Friday, June 19, 2009
The problem with dice and the casual gamer
There is a special group of people who always have dice with them. Outside of specific areas, carrying dice is not acceptable. If you are in Las Vegas then carrying two 6 sided dice is common, if you are in a Comic Book Shop, Hobby Store or convention (comic, anime, etc) then carrying a good 20 sided die might be common. But how often have you been with friends who play RPGs and wanted to play but no one had the necessary materials?
I first wanted to make my own RPG while a friend and I were no where near the required shelf of RPG books and bag full of dice. We ended up playing what would now be a LARP style game that progressed awkwardly and no one was happy with the end result. I decided that a good game system could accommodate the materials at hand and not require extensive books or equipment.
While a random number generator is easy to make on the computer (sample code to follow one day), but the dice assortment usually associated with RPGs is not as easy. You can find a deck of cards and a pack of 6 sided dice at most convenience stores. But what if you have a Orc with a battle axe that does 1d12 damage? Or a Kobold with a dagger that does 1d4?
Another issue is the casual RPG player. Someone who is trying it for the first time might not like the strange dice RPG gamers use or how to read them. Many people don't know a d8 from a d10, but do they have to in order to play a game?
Some games avoid these issues by using fist-fulls of dice where you roll under a number a proper number of times to be successful. This is also confusing to the casual gamer who might be more used to board games or card games.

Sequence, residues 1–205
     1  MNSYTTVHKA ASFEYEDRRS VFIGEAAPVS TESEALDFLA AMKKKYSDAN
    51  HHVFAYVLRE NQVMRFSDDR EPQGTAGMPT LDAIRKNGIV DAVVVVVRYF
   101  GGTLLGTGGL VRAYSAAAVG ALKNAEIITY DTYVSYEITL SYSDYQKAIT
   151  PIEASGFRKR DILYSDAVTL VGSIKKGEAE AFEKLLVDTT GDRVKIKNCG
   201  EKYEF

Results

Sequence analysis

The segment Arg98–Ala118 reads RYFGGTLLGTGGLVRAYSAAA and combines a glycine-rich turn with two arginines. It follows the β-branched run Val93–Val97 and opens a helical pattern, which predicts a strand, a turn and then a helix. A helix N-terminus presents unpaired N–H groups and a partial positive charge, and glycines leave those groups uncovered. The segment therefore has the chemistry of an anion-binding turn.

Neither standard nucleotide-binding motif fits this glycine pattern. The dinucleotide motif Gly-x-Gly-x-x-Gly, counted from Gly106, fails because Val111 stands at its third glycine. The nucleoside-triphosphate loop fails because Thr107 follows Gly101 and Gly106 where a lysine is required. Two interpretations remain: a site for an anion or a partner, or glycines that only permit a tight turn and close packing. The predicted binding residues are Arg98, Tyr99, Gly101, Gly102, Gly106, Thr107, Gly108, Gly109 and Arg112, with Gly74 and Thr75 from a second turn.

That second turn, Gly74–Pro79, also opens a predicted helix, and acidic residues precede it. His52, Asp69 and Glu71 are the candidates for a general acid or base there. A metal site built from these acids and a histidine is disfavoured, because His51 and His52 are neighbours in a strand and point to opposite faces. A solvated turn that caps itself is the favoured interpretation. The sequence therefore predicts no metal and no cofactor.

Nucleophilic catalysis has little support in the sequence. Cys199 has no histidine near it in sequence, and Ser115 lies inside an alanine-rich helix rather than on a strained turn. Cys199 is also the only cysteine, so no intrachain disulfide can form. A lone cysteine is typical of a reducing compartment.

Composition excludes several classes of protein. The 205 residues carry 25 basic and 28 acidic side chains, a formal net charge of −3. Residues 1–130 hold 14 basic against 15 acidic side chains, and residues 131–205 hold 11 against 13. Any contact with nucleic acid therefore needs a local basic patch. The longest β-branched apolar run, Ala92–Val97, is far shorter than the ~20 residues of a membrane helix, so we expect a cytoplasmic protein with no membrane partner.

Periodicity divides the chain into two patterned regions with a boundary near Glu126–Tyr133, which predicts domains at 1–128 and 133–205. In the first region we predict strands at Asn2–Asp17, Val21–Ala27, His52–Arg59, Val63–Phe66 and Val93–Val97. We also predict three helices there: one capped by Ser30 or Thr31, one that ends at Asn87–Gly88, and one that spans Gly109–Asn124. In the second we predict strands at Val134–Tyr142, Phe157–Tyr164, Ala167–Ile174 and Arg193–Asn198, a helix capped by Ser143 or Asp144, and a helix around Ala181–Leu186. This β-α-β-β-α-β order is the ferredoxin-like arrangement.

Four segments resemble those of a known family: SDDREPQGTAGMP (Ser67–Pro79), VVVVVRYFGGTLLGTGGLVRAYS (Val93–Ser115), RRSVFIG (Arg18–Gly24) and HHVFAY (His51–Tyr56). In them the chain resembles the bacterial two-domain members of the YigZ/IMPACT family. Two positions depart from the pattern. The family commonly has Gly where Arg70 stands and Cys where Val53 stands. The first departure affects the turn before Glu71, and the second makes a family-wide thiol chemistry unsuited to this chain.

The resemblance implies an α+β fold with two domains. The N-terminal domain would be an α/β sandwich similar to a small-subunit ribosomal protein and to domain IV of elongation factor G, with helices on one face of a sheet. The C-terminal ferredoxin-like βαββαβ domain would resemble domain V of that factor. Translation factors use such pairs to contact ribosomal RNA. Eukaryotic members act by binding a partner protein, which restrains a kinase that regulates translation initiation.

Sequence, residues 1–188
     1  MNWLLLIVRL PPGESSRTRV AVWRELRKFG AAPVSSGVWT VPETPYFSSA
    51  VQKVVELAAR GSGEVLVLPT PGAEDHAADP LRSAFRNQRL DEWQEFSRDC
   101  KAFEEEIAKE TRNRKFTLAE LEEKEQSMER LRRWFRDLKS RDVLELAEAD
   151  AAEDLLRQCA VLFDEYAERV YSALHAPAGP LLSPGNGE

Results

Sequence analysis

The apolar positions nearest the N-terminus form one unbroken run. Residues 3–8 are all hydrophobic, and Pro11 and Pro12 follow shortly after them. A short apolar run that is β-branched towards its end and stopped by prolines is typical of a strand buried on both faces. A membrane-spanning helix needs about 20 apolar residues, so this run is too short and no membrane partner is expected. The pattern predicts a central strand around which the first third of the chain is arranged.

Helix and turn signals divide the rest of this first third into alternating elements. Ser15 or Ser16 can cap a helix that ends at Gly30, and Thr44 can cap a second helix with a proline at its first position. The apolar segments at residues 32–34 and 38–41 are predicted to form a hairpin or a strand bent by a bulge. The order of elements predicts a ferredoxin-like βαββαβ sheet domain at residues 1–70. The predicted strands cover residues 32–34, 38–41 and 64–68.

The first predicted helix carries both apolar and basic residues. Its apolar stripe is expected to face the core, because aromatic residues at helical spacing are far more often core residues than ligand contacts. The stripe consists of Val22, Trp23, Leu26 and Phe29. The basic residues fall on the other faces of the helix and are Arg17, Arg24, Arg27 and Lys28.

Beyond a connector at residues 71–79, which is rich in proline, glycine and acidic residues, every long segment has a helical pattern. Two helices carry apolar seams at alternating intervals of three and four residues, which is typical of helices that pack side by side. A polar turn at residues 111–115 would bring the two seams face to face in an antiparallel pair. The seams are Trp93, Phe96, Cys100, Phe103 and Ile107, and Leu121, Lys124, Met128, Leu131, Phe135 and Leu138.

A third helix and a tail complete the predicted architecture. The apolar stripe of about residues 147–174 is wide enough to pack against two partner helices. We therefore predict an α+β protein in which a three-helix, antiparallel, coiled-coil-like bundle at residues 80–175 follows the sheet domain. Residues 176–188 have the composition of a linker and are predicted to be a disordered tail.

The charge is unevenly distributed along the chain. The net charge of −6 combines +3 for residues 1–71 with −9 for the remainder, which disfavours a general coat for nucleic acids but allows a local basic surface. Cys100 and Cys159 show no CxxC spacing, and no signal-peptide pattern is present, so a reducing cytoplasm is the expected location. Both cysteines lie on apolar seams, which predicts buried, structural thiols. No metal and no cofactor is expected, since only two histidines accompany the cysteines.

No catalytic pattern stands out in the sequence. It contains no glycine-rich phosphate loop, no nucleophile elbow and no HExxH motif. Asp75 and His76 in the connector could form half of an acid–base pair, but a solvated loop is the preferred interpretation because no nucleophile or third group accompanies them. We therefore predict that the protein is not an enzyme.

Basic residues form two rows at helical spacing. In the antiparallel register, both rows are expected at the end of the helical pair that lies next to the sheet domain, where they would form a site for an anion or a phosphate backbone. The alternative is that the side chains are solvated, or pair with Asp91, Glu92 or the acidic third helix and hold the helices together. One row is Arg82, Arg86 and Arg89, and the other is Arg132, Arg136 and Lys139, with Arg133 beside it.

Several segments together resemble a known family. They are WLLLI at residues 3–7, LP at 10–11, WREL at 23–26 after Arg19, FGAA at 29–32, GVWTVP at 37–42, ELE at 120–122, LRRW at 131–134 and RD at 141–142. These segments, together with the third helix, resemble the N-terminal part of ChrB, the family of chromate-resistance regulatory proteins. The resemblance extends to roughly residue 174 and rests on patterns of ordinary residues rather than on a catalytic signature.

In this system all rolls are base upon an average roll. This might be mathmatically and statically unsound but if you suspend calculation and accept the premise it all makes sense. A six sided die rolled an infinite number of times will give values from 1 to 6, and the average is 3 (actually 3.5 but we can round down.) In the same way a four sided die is 2, 8 sided is 4, 10 sided is 5, 12 sided is 6 and 20 sided is 10.
These average rolls allow for two important things. The first is that a power/weapon/whatever has an effect (usually damage) which can be paid for with a set number of points. So a sword might cost 10 points because it does 10 points of damage. The second feature of using average rolls for dice is dice substitution. When the character does the damage they can take those 10 points or they can roll. When they roll for damage, it is based on the average roll of the dice. For 10, they can roll 3, six sided dice and add one point (3*3=9 + 1 = 10), one 20 sided die or even 5 four sided dice.
Dice substitution is good because it gives players flexibility with what dice they have to use or if they have to use dice at all. Also, different dice combinations give different ranges of results. While 3 six sided dice plus 1 is the same average roll as rolling one 20 sided die, the ranges are 4 to 19 for the 3d6+1 and 1-20 for the 1d20. The 20 sided die can give a higher result as well as a much lower result, ask someone who just rolled a 1 about which way they would have rather rolled. But if you roll both ways you might end up with a 1 or a 4, had the roll not been chosen then the player would automatically get 10. It is up to the player as to how much they are willing to give up to chance.
I am at a loss for time lately. I have to say that the idea of making a whole game system and world with the vivid details I desire is very...
I have been considering the "Cyberpunk Revival Contest" at 1KM1KT. Not really seriously entering the contest but rather as an exc...
I have a question for you all out there: Is it ethical to create a game that allowed or encouraged negative behavior? Steve Jackson Games w...